Of course, ‘looky!’ is actually an interjection. It’s something you say to someone else. I need help looking sometimes, and I need the wonder pointed out to me. Remind me, eh? I’ll try to remind you too.
Lastly, “looky!” is a downright silly thing to say. It’s completely undignified, and I like that. It is essential, as we do the hard work of engaging with a broken world and trying to heal it (and isn’t that what most of us are trying to do, in small or large ways, on most days?), we have to keep laughing at ourselves and with each other. It’s always a tricky balance to take our work seriously, but not ourselves. Sometimes when we stumble, laughing is the best thing we can do. We plop down in a mud puddle and the best thing we could possibly do is say “Looky!” and laugh a while.
Looking forward to 2013, I’m headed back to Guatemala to move PEG projects forward there in February, and I’ve been invited to speak and play music at some wonderful venues around the country and in Belize. I’m thinking toward a new CD, and hoping to finish my WorldChanging 101 book, as well as getting into my second year as the Clerk of the AFSC Nobel Peace Prize Nominating Committee, taking forward some good lessons from the first year. There’s a lot to ‘look’ forward to. I hope I can pay attention.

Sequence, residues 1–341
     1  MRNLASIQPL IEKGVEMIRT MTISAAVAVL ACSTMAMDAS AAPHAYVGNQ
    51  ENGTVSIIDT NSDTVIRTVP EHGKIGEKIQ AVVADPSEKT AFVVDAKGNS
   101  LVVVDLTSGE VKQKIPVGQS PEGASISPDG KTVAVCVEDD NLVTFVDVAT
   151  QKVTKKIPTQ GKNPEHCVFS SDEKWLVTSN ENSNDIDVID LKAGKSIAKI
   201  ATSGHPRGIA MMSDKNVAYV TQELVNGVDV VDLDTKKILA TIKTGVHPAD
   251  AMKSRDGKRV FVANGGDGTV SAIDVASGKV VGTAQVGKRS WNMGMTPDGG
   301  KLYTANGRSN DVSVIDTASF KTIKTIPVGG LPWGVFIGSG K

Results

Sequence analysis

Deanna forgave me for my lack of sensitivity last night, and this morning told me that she had settled on the word “embrace.” We’ve been moving around so much for the last few years. Everything we’ve done and everywhere we’ve been has had an endpoint, and it’s been hard to fully commit, whether to friendships, work, community, church, etc. She’ll be embracing her life in 2013, and hopefully me from time to time. I’ll be trying to pay attention, and to cheer her and Mason and Phillip on, with an occasional goofy shout from the side lines.
Happy New Year 2013! Looky!
Please keep us updated on Ed’s pardon, and if it didn’t happen, tell us what more to do so it does happen!!
Loved this first commentary for/on the new year, David. When I realized where this was going with “Looky,” I immediately thought, “Don’t just see–look. Pay attention. Be mindful.”